Baker’s Hill is a popular stop on the City Tour of Puerto Princesa.
And the peacocks are its most popular attractions.
Peacocks are pheasants. National Geographic explains:
Peacocks are large, colorful pheasants (typically blue and green) known for their iridescent tails. These tail feathers, or coverts, spread out in a distinctive train that is more than 60 percent of the bird’s total body length and boast colorful “eye” markings of blue, gold, red, and other hues. The large train is used in mating rituals and courtship displays.
The males showed off their fans every few minutes. It began with a few seconds of heavy fluttering and then the fan was up in the air.
The males took turns. Occasionally two fans (from two males) would be on display. Most of the time however, only one fan was up in the air.
The display was for the females but the males held their fans up for several minutes at a time–even after the females had moved away.
The birds are large. This diagram shows their relative size.
The fan is the bird’s most eye-catching body part. When it was up and being displayed, the male would turn itself so that the female (who was the reason for the display) would see it at its largest.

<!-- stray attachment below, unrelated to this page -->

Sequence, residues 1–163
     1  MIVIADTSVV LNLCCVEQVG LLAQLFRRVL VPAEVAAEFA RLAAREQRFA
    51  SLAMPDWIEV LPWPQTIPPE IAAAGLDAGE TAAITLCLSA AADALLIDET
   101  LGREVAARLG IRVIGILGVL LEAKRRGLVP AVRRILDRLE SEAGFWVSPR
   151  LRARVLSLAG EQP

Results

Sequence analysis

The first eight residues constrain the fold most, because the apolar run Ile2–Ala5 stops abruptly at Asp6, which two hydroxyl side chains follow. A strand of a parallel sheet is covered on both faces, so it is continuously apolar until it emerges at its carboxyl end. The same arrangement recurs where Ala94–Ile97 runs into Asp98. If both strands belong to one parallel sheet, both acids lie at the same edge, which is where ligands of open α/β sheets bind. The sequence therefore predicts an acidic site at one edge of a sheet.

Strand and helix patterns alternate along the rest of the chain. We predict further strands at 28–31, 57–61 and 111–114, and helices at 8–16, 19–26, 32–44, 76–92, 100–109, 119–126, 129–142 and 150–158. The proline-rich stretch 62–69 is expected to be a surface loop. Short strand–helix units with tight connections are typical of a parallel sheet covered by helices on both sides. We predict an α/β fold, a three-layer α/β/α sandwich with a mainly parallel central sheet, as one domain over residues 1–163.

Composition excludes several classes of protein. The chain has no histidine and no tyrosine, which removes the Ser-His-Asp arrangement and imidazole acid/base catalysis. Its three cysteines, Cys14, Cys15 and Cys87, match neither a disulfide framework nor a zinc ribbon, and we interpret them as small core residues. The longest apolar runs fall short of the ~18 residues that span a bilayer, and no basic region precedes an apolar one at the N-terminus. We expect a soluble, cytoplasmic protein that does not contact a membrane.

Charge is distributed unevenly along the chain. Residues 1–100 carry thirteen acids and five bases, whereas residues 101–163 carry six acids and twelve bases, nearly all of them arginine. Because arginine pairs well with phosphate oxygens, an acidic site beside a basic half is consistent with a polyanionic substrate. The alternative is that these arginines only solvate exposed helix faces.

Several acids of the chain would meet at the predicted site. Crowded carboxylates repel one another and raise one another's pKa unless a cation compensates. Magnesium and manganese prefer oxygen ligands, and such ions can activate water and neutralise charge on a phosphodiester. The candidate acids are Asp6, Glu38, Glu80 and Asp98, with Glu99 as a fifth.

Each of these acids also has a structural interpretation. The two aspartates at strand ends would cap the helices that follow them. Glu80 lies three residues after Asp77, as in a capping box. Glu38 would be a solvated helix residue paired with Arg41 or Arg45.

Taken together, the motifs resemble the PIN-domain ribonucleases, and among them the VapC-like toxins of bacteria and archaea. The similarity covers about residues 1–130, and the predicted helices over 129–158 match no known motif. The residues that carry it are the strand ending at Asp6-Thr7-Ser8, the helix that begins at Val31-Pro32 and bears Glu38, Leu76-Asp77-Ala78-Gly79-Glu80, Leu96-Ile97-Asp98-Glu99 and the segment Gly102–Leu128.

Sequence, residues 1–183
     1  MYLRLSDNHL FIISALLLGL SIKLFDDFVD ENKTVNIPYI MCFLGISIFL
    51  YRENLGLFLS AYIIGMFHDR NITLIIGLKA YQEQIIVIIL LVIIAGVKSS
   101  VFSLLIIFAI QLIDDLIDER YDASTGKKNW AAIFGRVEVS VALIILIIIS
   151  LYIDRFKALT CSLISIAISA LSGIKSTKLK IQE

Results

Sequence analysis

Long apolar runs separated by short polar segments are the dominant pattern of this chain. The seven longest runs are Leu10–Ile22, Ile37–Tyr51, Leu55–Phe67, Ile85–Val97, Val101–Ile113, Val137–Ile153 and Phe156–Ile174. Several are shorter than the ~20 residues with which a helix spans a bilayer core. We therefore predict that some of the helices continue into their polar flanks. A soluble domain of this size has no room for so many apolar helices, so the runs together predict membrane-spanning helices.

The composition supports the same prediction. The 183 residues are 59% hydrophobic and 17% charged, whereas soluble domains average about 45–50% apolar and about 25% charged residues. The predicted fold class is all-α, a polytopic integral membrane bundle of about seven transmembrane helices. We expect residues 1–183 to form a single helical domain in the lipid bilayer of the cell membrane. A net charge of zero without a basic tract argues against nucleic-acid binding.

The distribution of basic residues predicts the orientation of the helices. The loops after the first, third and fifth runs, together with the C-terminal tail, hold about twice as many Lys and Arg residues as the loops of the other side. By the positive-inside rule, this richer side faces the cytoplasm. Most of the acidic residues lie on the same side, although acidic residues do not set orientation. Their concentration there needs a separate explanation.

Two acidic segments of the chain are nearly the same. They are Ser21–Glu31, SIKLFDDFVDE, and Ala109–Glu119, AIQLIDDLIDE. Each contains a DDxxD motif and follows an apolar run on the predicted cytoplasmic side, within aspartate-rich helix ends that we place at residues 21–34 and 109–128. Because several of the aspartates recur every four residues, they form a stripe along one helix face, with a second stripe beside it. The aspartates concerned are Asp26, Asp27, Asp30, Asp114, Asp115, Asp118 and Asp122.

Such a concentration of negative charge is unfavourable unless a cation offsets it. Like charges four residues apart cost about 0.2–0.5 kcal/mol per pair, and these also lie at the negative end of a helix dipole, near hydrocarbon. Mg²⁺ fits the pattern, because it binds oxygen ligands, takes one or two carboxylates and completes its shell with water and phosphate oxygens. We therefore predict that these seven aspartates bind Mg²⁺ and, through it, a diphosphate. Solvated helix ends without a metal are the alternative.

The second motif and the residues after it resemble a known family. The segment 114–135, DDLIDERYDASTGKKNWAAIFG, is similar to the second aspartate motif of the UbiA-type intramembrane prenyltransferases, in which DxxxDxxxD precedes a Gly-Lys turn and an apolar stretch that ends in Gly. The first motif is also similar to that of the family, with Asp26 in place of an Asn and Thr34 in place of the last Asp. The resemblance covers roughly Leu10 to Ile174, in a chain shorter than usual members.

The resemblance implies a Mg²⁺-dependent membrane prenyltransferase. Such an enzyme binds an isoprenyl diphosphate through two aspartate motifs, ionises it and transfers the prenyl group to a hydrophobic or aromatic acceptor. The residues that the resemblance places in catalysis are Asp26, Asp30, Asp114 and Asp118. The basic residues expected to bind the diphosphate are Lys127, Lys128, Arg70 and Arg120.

As the male turned, the colors of the fan would change (because of the way the light caught the feathers). Here’s the same peacock from slightly different angles.
Tail Feathers & Other Body Shots
Females are believed to choose their mates according to the size, color, and quality of these outrageous feather trains.
The term “peacock” is commonly used to refer to birds of both sexes. Technically, only males are peacocks. Females are peahens, and together, they are called peafowl.
The Back Side
Ever wonder how the other side looks?
One final shot
Here’s to the peacock!
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